12 financing will be accompanied by a revision of the general system of financing of regional governments, in which the health budget is included. Healthcare decentralisation in 2003 and 2004 has driven to a somehow more stringent budget, a bit less euphoric than in the previous exercise (2002); this is due to the fact that many regions have begun to experience their first financial difficulties, mainly due to the increase of the pharmaceutical invoice that is still at high levels. Another element to notice is the increase in personnel's expenditures in almost all regions, being a consequence of labour-unions' pressures to obtain better labour conditions (e.g. to become "statutory" professionals, which is something like civil servants; see report on "New legislation of health professional careers, training and working conditions", 2004), agreed upon by taking advantage of the decentralisation process and the political component of demonstration of its autonomy in healthcare administration. Another cause of the increase of the healthcare expenditures in the last years is the increase in the number of people covered by the system, bound closely to the population's evolution, but not all covered population is considered in the model. 2.4 ICT use among general practitioners This section provides a brief overview of relevant ICT related infrastructure and services data. It draws on earlier studies commissioned by the EC, notably the Indicators ehealth Study. Although the results of this study date from 2007 and may therefore not reflect latest changes, a more recent pan-european survey is not available % of the Spanish GP practices use a computer. 51% of the Spanish GP practices are connected to the Internet and only 36% of the GP practices use a broadband connection. The storage of electronic patient data is only moderately common in Spain. At least one type of individual data is stored in 71% of GP practices. A computer is available in the consultation room of 74% of the Spanish GP practices. 95% of Spanish GPs actually use this computer for consultation purposes with the patients. Here it could for instance be used to display a patient's file to the practitioner, to explain medical issues to the patient by means of a photo or animation but also to run a decision support system helping in diagnosis or prescribing. A Decision Support System is used by 42% of the Spanish GP practices. In Spain the electronic exchange of patient data is not yet very common, neither for administrative data nor as far as medical data is concerned. 6% of the Spanish GPs exchange administrative data with other care providers. This compares to an average rate of 10% reached in the EU27. 91% of primary healthcare centres are connected to their respective corporate networks % of the Spanish GP practices receive results from laboratories electronically via Internet of other dedicated networks. 13% of the GP practices exchange medical data with other healthcare providers. 13 ICT and ehealth use among General Practitioners in Europe Ministry of Health and Social Policy;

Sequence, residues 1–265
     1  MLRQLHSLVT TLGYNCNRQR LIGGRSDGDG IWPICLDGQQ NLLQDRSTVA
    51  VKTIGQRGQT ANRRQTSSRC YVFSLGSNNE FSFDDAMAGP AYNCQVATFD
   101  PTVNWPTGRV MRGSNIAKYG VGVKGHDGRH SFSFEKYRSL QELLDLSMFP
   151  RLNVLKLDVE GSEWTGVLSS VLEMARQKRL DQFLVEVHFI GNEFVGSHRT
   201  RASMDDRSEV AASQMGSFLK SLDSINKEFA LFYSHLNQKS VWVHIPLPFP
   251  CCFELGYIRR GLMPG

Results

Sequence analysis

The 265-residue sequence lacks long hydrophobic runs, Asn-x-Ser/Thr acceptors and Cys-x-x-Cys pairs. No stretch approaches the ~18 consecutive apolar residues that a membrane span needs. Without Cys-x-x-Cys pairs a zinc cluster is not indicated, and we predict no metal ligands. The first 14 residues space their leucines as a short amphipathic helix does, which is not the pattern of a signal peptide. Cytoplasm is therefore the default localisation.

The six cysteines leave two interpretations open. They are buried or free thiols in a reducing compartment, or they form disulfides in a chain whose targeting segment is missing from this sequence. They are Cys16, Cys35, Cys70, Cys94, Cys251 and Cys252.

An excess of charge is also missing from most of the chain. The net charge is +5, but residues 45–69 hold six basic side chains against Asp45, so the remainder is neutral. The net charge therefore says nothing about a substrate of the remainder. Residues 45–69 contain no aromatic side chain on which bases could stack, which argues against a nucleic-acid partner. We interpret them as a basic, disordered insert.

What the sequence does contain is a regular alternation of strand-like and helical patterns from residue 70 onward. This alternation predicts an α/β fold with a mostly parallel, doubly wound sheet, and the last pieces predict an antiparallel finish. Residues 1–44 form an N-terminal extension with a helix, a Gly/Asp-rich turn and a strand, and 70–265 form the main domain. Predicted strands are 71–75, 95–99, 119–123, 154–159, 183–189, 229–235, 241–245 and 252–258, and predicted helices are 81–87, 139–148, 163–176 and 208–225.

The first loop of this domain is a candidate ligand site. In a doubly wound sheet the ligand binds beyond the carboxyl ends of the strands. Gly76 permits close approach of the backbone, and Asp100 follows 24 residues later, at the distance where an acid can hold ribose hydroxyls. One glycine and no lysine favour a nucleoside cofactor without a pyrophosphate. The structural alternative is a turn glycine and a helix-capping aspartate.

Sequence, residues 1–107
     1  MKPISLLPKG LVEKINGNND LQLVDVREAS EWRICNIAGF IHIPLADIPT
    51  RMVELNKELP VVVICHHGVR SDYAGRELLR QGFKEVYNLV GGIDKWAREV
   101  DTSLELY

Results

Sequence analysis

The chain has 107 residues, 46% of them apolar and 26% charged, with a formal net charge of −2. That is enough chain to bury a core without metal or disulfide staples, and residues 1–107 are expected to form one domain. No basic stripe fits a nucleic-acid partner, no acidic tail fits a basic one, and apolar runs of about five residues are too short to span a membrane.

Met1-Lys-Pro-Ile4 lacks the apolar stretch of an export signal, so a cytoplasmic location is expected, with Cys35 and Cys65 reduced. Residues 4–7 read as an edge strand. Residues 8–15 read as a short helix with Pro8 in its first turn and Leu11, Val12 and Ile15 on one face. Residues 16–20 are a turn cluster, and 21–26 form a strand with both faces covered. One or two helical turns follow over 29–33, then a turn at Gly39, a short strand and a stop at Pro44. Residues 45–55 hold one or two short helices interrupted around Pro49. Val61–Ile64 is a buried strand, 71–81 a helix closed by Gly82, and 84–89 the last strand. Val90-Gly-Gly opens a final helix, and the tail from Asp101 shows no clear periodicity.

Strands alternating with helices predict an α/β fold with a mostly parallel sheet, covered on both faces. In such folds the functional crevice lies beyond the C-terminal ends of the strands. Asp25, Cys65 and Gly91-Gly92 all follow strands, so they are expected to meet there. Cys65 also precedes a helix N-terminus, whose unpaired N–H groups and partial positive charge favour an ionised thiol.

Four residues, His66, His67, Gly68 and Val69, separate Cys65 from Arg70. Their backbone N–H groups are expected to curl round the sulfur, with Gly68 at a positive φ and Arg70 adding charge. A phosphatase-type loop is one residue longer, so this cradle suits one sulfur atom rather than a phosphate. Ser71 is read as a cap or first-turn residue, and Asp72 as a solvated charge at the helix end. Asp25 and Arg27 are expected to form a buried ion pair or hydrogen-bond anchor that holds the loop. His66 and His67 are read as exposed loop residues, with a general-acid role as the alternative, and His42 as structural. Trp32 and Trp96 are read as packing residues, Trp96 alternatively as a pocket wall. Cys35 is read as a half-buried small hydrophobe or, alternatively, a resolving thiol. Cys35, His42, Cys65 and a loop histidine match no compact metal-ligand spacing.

13 The electronic exchange of prescriptions, commonly referred to as eprescribing, is used by 18% of GP practices in Spain. These services are now available in Andalusia, the Balearic Islands and Extremadura. Five other regions, Canary Islands, Catalonia, Galicia, the Valencia Autonomous Region, and the Basque country, are expanding this service 15. Figure 2: ehealth Use by GPs in Spain Storage of administrative patient data e-prescribing Storage of medical patient data Transfer of medical patient data to other carers Use of a computer during consultation Transfer of lab results from the laboratory Use of a Decision Support System EU27 ES Transfer of administrative patient data to reimbursers or other carers Indicators: Compound indicators of ehealth use (cf. annex for more information), % values. Source: empirica, Pilot on ehealth Indicators, ehealth Strategies survey results The following sections present the results of the ehealth Strategies country study. In a first section, the ehealth policy actions undertaken in Spain are presented. This is followed by a presentation of administrative and organisational measures taken. Section 3.3 presents results on key ehealth applications. Section 3.4 focuses on the technical side of ehealth, namely the role of patient and healthcare provider identifiers and the role of ecards. Legal and regulatory facilitators as well as financing and reimbursement issues are presented sections, 3.5 and 3.6. The report concludes with evaluation activities (3.7) in the country and an outlook (4) Ministry of Health and Social Policy; 2010 The notion of compound indicator designates an indicator build from a set of other indicators/survey questions regarding the same topic. The compound indicator reflects an average calculated from different values. The final results of the study on ehealth Indicators is available at 13